Re: Mike Perry's work on self-improving AI

Robert J. Bradbury (bradbury@www.aeiveos.com)
Tue, 7 Sep 1999 23:11:11 -0700 (PDT)

On Tue, 7 Sep 1999, Matt Gingell wrote:
>
> I donít think there can be any general solution to the problem of local
> optima. There are lots of different useful techniques, but any
> hill-climbing algorithm can potentially get stuck. It's a question of
> the topology of the search space, which can be arbitrarily complex

Many years ago (my first programming experience actually), we worked on a program to solve a set of differential equations that used the SIMPLEX [sp?] algorithm. This in my interpretation was a hill-climbing algorithm and did suffer from the problem of getting stuck at local optima.

A number of years later (mid-80s?), I was quite suprised to hear that a mathematician, I believe Bell Labs, had solved this problem. His solution interestingly enough turned out to be geometric. If you move a "plane" upward through the entire search space of "hills", then its last point of intersecting will be the optima of the entire landscape.

Does anyone have any more details on this? More importantly, does this approach solve the problem of getting stuck

If it does, then it would suggest that the best way to find an optima is to apply methods that are outside of the realm which is being optimized.

> For instance, organisms in a genetic search might contain a block of
> data representing a mutation function, which you hope will be
> optimized along with the fitness function.

Organisms do contain a bi-modal mutation function. If the organism is doing fairly well, it mutates at a level that is probably optimal for normal survival & reproduction, but if it gets really stressed it goes into hypermutation mode -- though most of the organisms will die, a few might survive and prosper (as "new" organisms).

>
> I think itís interesting to ask why evolution didn't get stuck, and
> whether free market economics can be modeled as a hill-climb optimizing
> wealth and, if so, are there local optima?
>
Evolution is *very* stuck in many places. Why is 98% of the genome junk? Because making extra DNA is easy while cleaning it up without doing more harm than good is difficult. Why do we grow so slowly? Because developing active transport systems that can quicky and efficiently deliver proteins to the desired location in cells is difficult. Why are there strange protein "complexes" required for translation and transcription? Because you evolution almost always operates in "add-onto" mode. I could go on for hours.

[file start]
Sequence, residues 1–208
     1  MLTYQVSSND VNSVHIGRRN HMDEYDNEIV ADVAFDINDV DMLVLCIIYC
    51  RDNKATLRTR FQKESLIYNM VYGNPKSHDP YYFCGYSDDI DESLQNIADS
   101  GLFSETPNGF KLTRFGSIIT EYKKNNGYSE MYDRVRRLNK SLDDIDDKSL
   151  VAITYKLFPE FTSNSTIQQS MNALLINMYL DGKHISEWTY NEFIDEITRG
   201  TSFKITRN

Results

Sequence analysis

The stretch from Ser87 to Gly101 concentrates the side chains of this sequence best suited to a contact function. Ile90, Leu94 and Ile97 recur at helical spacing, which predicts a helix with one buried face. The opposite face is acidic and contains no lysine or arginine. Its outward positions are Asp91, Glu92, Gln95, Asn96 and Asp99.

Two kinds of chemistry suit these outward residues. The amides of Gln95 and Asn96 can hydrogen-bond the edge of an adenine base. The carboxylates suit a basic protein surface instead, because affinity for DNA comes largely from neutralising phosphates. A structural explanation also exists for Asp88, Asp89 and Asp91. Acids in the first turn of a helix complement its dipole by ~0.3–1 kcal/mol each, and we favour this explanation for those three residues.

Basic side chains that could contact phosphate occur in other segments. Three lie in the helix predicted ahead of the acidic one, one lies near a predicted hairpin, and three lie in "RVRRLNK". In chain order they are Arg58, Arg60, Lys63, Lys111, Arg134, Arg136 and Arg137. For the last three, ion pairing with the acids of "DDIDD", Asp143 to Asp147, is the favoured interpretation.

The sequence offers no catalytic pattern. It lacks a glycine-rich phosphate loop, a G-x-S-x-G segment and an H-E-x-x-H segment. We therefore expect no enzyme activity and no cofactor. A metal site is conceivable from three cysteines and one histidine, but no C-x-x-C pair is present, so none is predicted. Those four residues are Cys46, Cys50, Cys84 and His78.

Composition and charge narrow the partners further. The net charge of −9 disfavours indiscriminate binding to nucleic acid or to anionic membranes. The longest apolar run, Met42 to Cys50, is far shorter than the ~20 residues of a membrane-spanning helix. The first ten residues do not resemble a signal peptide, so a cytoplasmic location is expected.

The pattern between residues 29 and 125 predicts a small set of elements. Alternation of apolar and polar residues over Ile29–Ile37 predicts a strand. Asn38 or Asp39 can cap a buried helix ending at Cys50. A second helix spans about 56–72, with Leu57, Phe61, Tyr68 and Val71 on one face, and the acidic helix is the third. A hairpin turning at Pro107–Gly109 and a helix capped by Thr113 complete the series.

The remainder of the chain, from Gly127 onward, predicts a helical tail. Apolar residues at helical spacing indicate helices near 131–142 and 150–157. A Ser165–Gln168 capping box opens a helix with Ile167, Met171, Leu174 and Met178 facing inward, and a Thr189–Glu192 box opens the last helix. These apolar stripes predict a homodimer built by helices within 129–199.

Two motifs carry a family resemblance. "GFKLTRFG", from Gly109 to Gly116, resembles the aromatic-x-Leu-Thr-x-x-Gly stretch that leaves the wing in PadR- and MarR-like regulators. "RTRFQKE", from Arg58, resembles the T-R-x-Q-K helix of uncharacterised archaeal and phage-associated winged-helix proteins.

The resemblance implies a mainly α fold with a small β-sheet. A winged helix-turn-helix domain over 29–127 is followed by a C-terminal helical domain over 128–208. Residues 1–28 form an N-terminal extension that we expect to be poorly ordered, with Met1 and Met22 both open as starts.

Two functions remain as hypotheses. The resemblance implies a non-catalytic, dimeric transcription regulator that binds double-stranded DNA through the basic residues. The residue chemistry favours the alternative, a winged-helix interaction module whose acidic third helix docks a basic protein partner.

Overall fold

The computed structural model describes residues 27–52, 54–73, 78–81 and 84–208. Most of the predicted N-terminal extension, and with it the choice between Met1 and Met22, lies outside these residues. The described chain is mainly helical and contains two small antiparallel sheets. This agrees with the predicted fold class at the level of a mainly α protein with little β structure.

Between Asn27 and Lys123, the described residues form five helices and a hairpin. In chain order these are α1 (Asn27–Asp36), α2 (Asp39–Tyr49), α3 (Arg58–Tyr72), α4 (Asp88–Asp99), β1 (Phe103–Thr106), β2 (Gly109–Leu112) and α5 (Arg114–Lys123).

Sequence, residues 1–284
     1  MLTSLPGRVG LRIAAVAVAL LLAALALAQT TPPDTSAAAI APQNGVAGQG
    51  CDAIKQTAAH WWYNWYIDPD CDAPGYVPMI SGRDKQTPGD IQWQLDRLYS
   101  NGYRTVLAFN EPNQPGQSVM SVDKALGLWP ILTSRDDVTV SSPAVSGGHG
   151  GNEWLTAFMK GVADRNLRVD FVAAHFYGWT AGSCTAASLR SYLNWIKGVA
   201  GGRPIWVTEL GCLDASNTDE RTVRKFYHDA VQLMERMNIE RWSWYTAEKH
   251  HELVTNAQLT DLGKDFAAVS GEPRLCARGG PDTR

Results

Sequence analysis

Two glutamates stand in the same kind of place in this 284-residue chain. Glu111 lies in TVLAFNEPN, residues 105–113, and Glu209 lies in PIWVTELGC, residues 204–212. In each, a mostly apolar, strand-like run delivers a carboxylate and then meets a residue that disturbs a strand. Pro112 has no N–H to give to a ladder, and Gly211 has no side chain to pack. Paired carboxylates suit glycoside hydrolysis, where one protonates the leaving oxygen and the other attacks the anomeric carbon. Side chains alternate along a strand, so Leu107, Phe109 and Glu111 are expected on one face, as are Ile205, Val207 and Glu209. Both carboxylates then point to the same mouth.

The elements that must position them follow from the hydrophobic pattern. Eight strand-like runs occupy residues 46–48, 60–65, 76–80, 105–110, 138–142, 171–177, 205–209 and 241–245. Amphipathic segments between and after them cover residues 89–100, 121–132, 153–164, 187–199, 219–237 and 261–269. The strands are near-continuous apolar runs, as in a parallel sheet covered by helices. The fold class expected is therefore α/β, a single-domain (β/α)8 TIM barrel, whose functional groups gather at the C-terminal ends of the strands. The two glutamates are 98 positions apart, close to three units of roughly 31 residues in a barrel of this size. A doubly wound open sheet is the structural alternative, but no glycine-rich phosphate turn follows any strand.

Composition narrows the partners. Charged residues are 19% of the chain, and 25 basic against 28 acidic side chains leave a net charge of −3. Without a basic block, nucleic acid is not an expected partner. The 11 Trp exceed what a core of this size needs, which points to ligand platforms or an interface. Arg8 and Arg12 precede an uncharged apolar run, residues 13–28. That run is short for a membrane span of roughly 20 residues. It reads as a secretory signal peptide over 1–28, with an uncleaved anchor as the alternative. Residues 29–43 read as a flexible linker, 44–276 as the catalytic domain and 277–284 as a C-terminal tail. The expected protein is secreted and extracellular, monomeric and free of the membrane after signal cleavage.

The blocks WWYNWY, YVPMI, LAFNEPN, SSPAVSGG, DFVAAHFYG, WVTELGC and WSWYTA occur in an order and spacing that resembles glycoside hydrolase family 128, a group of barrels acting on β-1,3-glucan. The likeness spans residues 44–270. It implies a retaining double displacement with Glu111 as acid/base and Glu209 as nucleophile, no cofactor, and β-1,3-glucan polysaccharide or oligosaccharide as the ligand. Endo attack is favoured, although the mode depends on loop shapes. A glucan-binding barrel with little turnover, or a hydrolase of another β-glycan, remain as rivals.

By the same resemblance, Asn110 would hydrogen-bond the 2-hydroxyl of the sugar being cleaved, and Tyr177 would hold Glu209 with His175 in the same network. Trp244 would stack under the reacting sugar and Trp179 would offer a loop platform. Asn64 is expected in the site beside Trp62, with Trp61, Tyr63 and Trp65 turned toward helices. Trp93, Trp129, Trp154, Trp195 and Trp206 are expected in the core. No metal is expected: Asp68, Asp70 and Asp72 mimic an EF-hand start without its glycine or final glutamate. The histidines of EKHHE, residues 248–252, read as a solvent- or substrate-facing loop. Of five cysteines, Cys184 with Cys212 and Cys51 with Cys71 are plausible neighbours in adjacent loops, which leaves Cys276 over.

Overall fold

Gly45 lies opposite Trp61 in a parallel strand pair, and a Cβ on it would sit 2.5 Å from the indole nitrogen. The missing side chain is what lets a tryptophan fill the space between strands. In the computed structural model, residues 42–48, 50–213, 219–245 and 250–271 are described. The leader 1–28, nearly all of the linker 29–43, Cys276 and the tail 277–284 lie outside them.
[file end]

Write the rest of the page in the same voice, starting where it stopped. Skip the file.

Free-market economics is *clearly* suboptimal for wealth optimization. Game theory says that the best solution is when the maximum degree of trust and cooperation is possible. Do we need 3 big car manufacturers? No. One car manufacturer could make all of the models the 3 currently do, spend much less on advertising, have greater efficiencies of scale, etc. BUT only if it functioned in a "non-profit" mode and were able to highly motivate the workers to be as productive as competition between the big-3 currently does. The *interesting* thing about where we are going is that computers, and in theory most software can be made completely trustable -- Error Correcting Codes and program proofs become the lawyers of info/cyberspace -- and motivating computers (like your immune system or heart) is a completely unrequired. So in theory, these things allow significant increases in productivity and wealth. Free-market economics is required because competition drives us to innovate. If I can "prove" I have the most efficient way of doing something (e.g. diamond as a building material), then I have completed an examination of the search space and should waste no more energy on competition to optimize things.

Robert